Many facilities operate into the night or 24/7. So you can opt for evening shifts if you’re not a morning person. Or if you have other things to do earlier in the day. You could also work longer hours over fewer days to give yourself a larger chunk of time off. Giving you more quality time with loved ones or the ability to fit more into your downtime.
Study Nursing through an Access to HE Diploma
If you think nursing is a profession that you want to pursue, there are various steps you need to complete. You’ll need to complete at least 3-4 years of degree level learning. But first you need to meet the entry requirements for university.
Traditionally this requires you to have:
- 5 GCSEs - including maths and English - at grades A-C. Biology can often be requested as one of the five.
- 2 A Levels minimum that relate to nursing.
Now, there are alternate qualifications you can take in place of the above. If you don’t have maths or English GCSEs, you can study their Functional Skills equivalents online. You can also study an Access to HE Diploma (Nursing) if you don’t have A Levels, or the ones required.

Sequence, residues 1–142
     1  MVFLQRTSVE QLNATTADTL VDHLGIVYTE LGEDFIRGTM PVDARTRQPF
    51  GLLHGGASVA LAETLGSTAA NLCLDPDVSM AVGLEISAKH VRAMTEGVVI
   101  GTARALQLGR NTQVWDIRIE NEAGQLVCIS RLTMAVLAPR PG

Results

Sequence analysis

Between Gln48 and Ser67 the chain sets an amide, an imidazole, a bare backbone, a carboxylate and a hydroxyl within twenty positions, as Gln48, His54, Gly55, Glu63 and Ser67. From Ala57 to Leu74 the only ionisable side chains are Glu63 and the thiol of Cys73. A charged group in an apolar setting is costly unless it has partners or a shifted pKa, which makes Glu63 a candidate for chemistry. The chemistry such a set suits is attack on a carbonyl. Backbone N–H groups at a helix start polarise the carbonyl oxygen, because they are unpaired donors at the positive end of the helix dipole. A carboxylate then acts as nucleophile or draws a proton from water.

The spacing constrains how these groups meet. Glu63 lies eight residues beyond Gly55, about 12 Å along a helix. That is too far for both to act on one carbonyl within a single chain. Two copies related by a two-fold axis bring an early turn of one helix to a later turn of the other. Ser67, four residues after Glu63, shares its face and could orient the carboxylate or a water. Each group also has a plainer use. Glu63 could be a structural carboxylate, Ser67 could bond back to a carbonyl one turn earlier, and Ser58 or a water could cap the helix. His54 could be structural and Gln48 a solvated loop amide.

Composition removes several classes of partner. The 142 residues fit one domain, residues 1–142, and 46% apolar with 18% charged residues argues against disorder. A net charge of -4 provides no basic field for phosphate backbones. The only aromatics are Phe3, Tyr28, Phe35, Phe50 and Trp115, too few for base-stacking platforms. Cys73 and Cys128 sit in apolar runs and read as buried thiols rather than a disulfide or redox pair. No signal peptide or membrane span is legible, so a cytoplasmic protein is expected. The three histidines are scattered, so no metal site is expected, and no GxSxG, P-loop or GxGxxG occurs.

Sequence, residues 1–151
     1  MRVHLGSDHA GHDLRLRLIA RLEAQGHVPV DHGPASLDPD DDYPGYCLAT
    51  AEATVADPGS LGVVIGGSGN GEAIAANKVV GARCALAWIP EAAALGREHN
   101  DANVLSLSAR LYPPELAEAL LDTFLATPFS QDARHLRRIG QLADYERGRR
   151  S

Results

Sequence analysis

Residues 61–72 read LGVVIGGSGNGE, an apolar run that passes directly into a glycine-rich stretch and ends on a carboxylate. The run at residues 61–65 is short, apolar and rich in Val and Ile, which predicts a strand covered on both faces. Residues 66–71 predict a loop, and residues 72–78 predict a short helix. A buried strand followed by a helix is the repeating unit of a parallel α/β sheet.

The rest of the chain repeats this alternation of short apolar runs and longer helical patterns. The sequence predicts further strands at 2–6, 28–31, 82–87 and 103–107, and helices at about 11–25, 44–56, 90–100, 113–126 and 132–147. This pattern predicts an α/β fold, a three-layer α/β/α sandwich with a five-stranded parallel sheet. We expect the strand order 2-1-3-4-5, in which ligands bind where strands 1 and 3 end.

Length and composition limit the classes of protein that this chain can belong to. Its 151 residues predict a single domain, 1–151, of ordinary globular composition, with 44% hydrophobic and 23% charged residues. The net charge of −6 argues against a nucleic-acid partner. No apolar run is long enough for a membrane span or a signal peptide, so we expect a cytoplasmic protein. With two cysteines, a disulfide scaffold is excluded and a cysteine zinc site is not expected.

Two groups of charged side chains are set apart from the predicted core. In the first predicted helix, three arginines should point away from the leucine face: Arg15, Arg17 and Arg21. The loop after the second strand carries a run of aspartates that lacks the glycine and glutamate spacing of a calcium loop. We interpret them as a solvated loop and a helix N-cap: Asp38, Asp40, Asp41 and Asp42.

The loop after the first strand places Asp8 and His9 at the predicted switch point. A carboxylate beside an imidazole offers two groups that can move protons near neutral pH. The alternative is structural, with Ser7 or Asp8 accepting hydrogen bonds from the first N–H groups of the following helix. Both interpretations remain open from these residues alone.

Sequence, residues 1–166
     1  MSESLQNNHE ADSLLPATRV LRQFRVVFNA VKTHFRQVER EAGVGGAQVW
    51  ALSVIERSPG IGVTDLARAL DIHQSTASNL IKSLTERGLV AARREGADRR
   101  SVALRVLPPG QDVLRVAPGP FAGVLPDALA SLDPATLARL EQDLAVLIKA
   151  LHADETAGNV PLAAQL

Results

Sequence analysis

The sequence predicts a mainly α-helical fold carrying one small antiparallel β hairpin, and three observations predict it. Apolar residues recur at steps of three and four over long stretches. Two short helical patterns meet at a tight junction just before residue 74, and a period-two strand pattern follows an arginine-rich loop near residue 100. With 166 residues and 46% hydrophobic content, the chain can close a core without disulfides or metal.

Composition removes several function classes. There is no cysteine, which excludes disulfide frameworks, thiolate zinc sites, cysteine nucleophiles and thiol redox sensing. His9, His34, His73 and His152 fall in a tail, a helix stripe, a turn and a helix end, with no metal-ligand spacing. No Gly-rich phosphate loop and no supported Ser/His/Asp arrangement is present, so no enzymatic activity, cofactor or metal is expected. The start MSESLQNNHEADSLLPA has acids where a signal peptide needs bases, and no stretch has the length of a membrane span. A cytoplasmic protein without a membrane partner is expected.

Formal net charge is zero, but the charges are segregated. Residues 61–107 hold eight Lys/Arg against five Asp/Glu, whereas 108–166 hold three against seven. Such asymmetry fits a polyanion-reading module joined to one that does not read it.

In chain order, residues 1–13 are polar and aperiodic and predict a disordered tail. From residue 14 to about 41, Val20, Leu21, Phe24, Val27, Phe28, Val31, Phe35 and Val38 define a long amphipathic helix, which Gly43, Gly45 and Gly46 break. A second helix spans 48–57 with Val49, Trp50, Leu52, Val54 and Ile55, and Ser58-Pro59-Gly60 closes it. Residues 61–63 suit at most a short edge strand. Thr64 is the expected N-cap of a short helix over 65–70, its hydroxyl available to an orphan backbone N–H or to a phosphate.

An Access to Higher Education Diploma (Nursing) will equip you effectively for all nursing degrees. It covers many essential topics for the profession such as cell biology and human diseases and prevention. As well as the roles & responsibilities of the registered nurse.
The targeted education you receive removes the need for multiple A Levels. Allowing you to progress to university after taking just one course. Which can be completed online at a pace that suits you.
Once you’re ready for university, you need to study a nursing degree that is approved by the Nursing and Midwifery Council. Only these degrees enable you to gain registration as a nurse and start your career in care.
learndirect is the leading UK distance learning provider, with many online courses to help you reach your career goals.
Our Access to Higher Education Diploma (Nursing) is studied entirely online. So you can gain your pre-university education without disrupting your current job or requiring you to arrange childcare.
You’ll also benefit from dedicated tutor support when required and flexible payments to spread the cost of your learning.
Find out more about kickstarting your career as a nurse through our Access to HE Diploma below.